Little Owl Facts
Introduced to the UK in the 19th century, the little owl is one of the few owls that can be seen throughout the day. The adult little owl is white-speckled brown above, and brown-streaked white below. It has a large head, long legs, and bright yellow eyes, with a white ‘eyebrow line’ give it the engaging ‘scowl’. The little owl is a small ‘stocky’ owl, measuring approximately 22 centimetres in height – roughly the same size as a song thrush. Little owls have long rounded wings and rapid wingbeats and can be seen with its undulating woodpecker-like flight as it follows fence lines post to post. The little owls at Eastbrook Farm can usually be seen perching on fence posts, tree branches, buildings or even my hide – anything that gives them a good view of the ground.
“Breeding Bird Survey data suggest that little owl numbers are declining, with the UK population estimated to be down by 24 per cent between 1995 and 2008.” (Little Owl info from RSPB). I am pleased to say, there are several pairs of Little Owl on the farm and they have enjoyed a successful breeding history, regularly nesting at the old Shepherd Hut and downland barn for the past ten years.
The little owl is often found in open country like our downland farm. Favouring the short grass of grazed fields, they prey on invertebrates and earthworms, but also small birds and mammals. The current pair (2015) are often seen with small rodents, like mice, voles and even rats. I haven’t seen it, but they are known to attack much larger birds like partridge and pheasant. Our little owls live on an active, working farm and have grown used people working close by. They often perch in full view and remain on the perch even when tractors rumble by.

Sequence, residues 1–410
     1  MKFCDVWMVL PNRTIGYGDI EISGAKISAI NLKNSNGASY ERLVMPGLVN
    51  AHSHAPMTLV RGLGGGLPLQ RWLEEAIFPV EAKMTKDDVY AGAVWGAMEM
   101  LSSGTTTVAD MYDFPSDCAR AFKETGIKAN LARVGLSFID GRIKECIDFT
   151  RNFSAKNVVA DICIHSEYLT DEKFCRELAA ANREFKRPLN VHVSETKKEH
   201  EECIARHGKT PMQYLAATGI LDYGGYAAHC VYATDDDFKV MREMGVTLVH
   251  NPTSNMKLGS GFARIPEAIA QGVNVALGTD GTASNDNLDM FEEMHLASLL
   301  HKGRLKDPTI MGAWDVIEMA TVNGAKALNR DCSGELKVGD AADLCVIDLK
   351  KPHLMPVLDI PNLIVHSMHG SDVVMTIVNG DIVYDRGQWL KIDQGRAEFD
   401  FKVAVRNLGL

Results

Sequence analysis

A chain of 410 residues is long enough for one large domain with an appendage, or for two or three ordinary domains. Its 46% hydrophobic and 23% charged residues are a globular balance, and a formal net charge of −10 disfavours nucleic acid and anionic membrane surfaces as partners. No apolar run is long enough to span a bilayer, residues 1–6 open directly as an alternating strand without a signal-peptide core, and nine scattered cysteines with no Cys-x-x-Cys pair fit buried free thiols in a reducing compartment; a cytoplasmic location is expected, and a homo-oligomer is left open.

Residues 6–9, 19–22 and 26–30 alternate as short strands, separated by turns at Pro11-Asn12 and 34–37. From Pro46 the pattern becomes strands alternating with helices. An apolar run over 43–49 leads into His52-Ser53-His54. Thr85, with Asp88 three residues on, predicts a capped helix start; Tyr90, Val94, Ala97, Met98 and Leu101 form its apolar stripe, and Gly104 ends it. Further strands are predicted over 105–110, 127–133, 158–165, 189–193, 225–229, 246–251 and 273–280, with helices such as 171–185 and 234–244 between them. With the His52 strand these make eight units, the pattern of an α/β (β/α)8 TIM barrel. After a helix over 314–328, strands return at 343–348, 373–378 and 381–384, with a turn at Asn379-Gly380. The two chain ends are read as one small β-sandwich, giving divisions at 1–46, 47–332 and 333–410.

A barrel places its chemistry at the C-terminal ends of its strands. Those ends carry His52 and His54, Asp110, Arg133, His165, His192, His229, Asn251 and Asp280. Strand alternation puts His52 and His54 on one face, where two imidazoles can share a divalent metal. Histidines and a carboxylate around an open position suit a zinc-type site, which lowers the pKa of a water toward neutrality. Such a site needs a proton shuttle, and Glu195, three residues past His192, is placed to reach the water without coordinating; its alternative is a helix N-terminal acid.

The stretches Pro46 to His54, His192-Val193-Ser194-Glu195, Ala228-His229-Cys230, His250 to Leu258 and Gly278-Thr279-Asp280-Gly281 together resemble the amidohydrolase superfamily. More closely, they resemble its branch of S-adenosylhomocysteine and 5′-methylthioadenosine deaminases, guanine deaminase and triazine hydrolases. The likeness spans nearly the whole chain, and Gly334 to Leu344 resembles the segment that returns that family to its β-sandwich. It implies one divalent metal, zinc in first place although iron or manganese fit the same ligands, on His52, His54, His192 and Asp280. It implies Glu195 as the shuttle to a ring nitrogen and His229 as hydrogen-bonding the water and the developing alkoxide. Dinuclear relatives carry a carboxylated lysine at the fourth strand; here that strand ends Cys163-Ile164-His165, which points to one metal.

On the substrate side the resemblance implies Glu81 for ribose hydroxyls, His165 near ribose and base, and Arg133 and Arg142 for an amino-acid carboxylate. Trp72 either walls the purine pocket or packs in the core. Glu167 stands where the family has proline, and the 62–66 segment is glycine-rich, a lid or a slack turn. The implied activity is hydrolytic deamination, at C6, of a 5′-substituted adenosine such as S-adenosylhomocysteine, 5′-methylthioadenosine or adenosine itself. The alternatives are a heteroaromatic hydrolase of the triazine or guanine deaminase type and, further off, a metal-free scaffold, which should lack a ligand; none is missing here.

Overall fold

Photographing from the hide…
- Camera body (there is room for two side-by-side)
- Minimum 400mm EQV focal length lens with lens hood
- Tripod head
- Fully-charged batteries
- Empty memory cards
- Small torch (a wind-up torch is supplied)
- Food & Drink (something to pee in)
- Dark clothing and hat (ideally layers as it can be chilly early morning and late evening)
- Fully-charged phone
- Back up body or second for video
- Teleconverter if using less than 400mm lens
The hide was gradually installed over a period of several weeks. The owls are now very used to its presence. The male especially is totally at ease with the clicks of a camera shutter, whereas the female can still be a little cautious. The adults are only noticeably wary of lens movement or unusually loud noises. Natural noises, such as coughing and sneezing are fine. The hide is surrounded by farm animals and lots of noises. When photographing the adults, I adopt a very reserved attitude and move the lens only when the owls are looking the other way or have flown inside the farmhouse. Their eyesight is exceptional and their peripheral vision is brilliant. It is extremely unwise to move the lens quickly when they are looking at you. They will become highly suspicious and stay away – taking a perch to watch you from afar. Avoid using laptops and tablets as they illuminate the interior of the hide, so be please be cautious when reviewing images on the back of your camera, using Live View and video.